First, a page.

value. The users relied upon the screen prompts to reenter the data.
In the case at hand, the software program displayed the value "0.0" both to
the user on the screen and in the hard copy printout of the linear source data
table entered by the user. The information displayed to the user on the
computer monitor for this program did not indicate that the "0.0" was, in
fact, a default value. The instructions in the technical manual regarding the
use of default values were in a chapter on external beam treatment planning.
The user was not aware that a default value selection option existed in this
portion of the program nor that the value zero would not be accepted as a
valid numerical entry.
Data tables for radium with a platinum filter are commonly used for non-radium
sources at some facilities when the sources or treatments are described in
milligrams-radium-equivalent (mgRaeq). The Cs-137 line sources with stainless
steel filters (source encapsulation wall material) are comparable to Ra-226
sources filtered with 0.5 mm platinum. In this case, the users entered a
gamma constant that was equivalent to Ra-226, as filtered by 0.5 mm of
platinum. However, because of the default value selected for the attenuation
factor when "0.0" was entered, a non-zero value was selected.
The users erroneously checked the computer-generated dose tables against
along-and-away dose tables (Quimby tables) developed for Ra-226 sources
filtered by 1.0 mm of platinum. There was a failure to identify the error in
the computer-generated dose values that were lower than would have been
generated using correct parameters to characterize the Cs-137 sources. If the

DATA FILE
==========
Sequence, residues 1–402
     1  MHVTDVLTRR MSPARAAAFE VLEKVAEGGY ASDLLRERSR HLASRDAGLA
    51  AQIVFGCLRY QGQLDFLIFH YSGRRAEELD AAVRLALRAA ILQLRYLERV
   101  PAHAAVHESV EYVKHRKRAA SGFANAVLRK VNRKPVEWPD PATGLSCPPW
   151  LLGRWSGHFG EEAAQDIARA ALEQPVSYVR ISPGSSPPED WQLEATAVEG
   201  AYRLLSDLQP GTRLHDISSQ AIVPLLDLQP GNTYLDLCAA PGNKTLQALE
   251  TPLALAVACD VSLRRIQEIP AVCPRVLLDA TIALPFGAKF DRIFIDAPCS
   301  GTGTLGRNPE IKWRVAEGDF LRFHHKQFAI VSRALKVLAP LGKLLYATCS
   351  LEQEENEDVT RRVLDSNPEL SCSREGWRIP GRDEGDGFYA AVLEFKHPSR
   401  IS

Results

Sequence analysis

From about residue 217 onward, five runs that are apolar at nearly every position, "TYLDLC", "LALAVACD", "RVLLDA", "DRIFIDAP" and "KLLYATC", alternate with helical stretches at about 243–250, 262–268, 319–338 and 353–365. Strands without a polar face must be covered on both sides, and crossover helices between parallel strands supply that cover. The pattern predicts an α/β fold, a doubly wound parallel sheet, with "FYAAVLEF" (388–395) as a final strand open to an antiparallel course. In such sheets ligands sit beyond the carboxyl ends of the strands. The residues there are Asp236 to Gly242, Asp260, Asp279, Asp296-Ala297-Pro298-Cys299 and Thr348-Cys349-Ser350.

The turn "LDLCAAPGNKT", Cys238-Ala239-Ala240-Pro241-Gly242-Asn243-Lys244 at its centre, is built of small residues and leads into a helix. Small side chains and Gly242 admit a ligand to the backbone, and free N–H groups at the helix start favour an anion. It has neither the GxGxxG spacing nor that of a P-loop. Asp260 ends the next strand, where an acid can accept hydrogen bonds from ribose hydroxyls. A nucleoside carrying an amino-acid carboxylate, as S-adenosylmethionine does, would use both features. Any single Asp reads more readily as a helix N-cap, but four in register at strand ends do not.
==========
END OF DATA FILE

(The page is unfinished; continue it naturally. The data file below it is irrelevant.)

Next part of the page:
correct table (for Ra-226 sources filtered by 0.5 mm of platinum) had been
used to check the calculations, the discrepancy in the computer-generated dose
values would have been identified and could have been adjusted by adjusting
the data elements. Coincidentally, the net result of the user's data re-entry
and use of an incorrect data table for verification, was that the dose rate
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tables calculated by the treatment planning system appeared accurate within
approximately 5 percent.
One of the licensees discovered, through routine verification of a patient
treatment plan, that the computer-generated dose table had values lower than
expected when compared with published dose tables for Cs-137 (Krishnaswamy
tables). After subsequent review and investigation, the licensee detected
the error in the selection of one parameter used to define the physical
characteristics of the Cs-137 sources.
Although both licensees had a written Quality Management Program (QMP), the
treatment planning system that was involved in these events was owned and
located at a cancer center that is jointly financed by the two licensees.
Because the individual who performed the calculations was employed by the
cancer center, neither licensee had detailed procedures to address the
treatment planning as part of the QMP. The licensees assumed that the
authorized users had responsibility for oversight of all aspects of the
patients' treatments and that the licensee need only be aware of those aspects